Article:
Creed was shot in ARRI Raw format using ARRI Alexa XT digital cameras and finished as a 2K Digital Intermediate. That DI has been upconverted to 4K for this Ultra HD release (3840x2160), a new HDR color timing pass was completed, and the film is presented here in its original 2.39:1 theatrical aspect ratio. The upconversion results in a little bit of an increase in noise in the film grain texture that’s applied to the image – the same effect is seen in Warner’s recent Mad Max: Fury Road 4K release. But in every other respect, the image here is an improvement upon the regular HD presentation. For one thing, there are deep blacks here that still retain a surprising amount of detail, as when Donnie climbs the darkened steps to take the ring in his first bought in Mexico at the start of the film. Colors are more nuanced too but also deeper, which adds impact to the film’s fight sequences – scenes that tend to pop with bold reds, blues, and yellows anyway. High Dynamic Range also improves these scenes as the actors maneuver under harsh stadium lights – that light glistens off muscles, ring ropes, and gloves. It positively glows from the windows and lights in the darkened training spaces and arenas, enhancing the film’s atmospherics. The added resolution also shows up in the improved texturing seen on the ancient brick walls of the Front Street Gym… and in all those old fight posters on the walls there. Simply put, this is a lovely image and I prefer it to the Blu-ray (which was fine on its own) in every way.
Audio is available in the same 7.1 English DTS-HD MA format that was found on the regular Blu-ray edition. It’s a surprisingly adventurous surround mix, especially showy during the fight sequences. Donnie’s fight with Coster was shot all in one take, and the audio mix during this scene shifts perspectives with the camera and actors – you can hear Rocky talking to Donnie from different positions around the listening space as it does. The mix is also lively during training sequences, and the film’s soundtrack (which includes a Ludwig Göransson score that makes light but effective use of Bill Conti’s iconic fanfare, as well as hip hop/R&B tracks by Future, Meek Mill, White Dave, Thompson and others) sounds terrific, in perfect balance with the dialogue, and featuring great dynamic range and bass reinforcement. This is not a film where you expect the audio presentation to shine, and yet it does. Additional sound options include English Descriptive Audio (in US and UK versions), and 5.1 Dolby Digital in French (Quebecois), French, German, Italian, Latin Spanish, Castilian Spanish, Portuguese, Czech, and Polish (Voice-Over). Optional subtitles are also available in English (for the deaf and hard of hearing), French, German (for the deaf), Italian (for the deaf), Castilian Spanish, Latin Spanish, Dutch, Brazilian Portuguese, Portuguese, Czech, Danish, Finnish, Norwegian, Polish, Swedish, Arabic, Standard Chinese, Korean, and Japanese.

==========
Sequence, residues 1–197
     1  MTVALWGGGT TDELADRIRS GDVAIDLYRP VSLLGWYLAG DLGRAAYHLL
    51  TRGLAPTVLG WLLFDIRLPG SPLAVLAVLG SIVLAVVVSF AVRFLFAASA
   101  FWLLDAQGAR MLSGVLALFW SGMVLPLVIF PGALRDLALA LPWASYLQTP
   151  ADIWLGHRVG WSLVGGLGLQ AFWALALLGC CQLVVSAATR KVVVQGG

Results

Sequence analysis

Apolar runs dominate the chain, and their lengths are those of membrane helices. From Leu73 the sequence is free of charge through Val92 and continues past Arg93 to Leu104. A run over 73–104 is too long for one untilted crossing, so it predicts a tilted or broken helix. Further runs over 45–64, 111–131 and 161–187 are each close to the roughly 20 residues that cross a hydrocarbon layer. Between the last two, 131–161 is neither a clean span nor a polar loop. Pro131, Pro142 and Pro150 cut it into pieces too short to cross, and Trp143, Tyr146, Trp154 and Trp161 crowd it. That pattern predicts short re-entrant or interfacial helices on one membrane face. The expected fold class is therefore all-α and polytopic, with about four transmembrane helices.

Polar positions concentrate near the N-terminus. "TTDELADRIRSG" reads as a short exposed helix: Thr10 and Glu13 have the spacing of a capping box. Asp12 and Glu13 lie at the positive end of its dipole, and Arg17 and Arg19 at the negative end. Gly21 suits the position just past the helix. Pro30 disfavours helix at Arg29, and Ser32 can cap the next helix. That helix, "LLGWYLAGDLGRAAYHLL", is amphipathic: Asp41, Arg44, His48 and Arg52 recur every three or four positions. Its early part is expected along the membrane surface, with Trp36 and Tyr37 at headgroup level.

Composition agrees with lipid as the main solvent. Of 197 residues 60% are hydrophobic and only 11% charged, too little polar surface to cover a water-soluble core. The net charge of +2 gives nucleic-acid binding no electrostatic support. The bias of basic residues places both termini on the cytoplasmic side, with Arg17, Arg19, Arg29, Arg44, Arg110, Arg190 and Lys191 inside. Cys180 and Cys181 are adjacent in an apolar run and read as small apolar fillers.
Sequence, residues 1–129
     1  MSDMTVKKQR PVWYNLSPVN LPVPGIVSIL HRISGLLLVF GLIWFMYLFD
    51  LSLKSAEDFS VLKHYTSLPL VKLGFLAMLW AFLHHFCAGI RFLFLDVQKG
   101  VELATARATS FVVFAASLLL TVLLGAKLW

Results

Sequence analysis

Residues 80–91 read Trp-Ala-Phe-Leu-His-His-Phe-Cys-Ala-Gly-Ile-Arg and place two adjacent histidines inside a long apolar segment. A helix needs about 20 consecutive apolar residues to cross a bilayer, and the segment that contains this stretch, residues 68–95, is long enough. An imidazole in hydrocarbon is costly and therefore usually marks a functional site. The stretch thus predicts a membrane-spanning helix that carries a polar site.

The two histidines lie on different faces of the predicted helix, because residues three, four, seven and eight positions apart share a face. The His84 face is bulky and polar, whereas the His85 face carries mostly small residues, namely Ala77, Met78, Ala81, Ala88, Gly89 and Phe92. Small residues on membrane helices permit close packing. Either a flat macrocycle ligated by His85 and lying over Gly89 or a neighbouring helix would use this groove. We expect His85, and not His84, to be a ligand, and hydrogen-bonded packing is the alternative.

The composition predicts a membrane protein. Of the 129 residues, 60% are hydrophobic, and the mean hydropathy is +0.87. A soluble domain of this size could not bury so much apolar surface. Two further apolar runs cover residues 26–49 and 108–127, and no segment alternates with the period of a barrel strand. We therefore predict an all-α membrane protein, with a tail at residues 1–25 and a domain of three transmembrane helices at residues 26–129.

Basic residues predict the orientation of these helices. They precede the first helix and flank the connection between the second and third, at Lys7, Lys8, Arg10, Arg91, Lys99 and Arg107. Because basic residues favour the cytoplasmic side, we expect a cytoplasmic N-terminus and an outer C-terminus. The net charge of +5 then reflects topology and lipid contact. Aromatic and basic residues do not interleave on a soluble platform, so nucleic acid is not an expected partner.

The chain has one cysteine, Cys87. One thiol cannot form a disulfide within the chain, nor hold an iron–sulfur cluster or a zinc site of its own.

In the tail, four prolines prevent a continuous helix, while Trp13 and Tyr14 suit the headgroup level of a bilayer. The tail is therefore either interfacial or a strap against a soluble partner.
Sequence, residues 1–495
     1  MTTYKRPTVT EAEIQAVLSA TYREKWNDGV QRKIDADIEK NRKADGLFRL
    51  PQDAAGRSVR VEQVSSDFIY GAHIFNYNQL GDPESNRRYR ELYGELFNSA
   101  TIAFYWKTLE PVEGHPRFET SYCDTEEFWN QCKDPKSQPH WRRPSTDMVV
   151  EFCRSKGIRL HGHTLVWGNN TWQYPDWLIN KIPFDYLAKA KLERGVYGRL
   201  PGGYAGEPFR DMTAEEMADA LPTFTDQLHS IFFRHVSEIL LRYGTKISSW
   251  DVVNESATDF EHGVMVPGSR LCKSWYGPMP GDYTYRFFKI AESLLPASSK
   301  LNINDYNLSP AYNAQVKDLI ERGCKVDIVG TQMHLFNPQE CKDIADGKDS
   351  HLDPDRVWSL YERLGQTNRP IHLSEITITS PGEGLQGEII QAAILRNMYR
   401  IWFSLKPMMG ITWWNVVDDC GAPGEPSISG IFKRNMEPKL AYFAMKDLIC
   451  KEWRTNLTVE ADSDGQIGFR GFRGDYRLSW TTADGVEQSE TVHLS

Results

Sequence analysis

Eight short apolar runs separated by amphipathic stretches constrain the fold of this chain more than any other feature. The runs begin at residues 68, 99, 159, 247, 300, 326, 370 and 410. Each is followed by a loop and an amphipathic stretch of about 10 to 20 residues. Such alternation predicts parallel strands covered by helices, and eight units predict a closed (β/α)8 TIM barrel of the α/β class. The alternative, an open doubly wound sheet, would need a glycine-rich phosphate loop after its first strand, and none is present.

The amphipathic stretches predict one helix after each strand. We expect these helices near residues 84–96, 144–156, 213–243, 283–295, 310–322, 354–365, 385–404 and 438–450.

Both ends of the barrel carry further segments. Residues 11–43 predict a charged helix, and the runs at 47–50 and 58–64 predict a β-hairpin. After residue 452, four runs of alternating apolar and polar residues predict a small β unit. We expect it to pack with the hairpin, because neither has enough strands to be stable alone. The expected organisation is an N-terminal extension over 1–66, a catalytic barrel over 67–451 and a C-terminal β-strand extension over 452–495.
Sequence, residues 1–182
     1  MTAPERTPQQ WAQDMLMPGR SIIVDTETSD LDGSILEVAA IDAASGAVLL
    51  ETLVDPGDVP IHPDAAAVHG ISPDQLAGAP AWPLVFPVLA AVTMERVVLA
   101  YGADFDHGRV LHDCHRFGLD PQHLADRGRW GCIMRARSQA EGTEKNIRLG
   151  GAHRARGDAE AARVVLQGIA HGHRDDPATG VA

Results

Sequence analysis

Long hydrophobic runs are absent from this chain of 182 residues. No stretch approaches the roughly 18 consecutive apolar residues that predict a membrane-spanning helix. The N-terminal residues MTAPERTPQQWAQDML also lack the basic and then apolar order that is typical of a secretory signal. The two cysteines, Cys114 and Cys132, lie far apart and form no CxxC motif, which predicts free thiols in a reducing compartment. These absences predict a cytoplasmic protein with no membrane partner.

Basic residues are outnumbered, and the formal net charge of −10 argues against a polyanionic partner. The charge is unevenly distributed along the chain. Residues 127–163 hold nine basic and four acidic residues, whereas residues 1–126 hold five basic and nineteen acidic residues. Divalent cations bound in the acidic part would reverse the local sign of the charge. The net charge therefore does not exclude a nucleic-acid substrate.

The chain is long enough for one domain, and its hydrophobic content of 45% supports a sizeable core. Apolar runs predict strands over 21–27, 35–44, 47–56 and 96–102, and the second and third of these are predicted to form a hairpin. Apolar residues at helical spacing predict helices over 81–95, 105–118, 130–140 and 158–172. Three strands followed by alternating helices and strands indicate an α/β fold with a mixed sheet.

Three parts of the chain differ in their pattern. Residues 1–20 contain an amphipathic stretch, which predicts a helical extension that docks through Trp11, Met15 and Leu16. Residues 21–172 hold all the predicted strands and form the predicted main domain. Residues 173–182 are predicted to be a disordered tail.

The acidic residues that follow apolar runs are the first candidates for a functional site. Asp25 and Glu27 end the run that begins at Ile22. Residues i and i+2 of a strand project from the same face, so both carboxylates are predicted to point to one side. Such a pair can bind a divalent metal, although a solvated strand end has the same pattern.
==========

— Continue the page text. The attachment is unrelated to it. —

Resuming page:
Unfortunately, there are no extras on the 4K disc whatsoever (which is reflected by the grade above). However, the Blu-ray version is included in the packaging, which offers a pair of featurettes – Know the Past, Own the Future (14:49) and Becoming Adonis (5:46) – as well as 11 Deleted Scenes (19:36). The featurettes are decent, you just wish there were more of them. The deleted scenes are cut together as a single long video. There’s good character material there, but one can understand why most of it was trimmed from the film. There’s also the usual Digital Copy code included on a paper insert.
[Editor’s Note: Given that nearly all 4K releases are multi-disc sets, with the extras often included on separate BD discs, our extras grades for these 4K Ultra HD Blu-ray reviews will reflect the bonus content across all discs in the set.]
I love this film... even more so for the fact that I never expected to. Creed is my personal favorite film of 2015, right up there with Mad Max: Fury Road, Brooklyn, Ex Machina, Mission: Impossible – Rogue Nation, and Star Wars: The Force Awakens in terms of the sheer enjoyment I experienced while watching it. Coogler and Jordan have appropriated the standard Rocky boxing plot, with Stallone’s cautious blessing, and creatively reenergized it in ways I simply didn’t think possible. The result is a film that’s both the second best entry in the Rocky series (after the original) and maybe the start of its own series too. Equal parts engaging, moving, and thrilling, Creed is way better than you think… and certainly not to be missed.
- Bill Hunt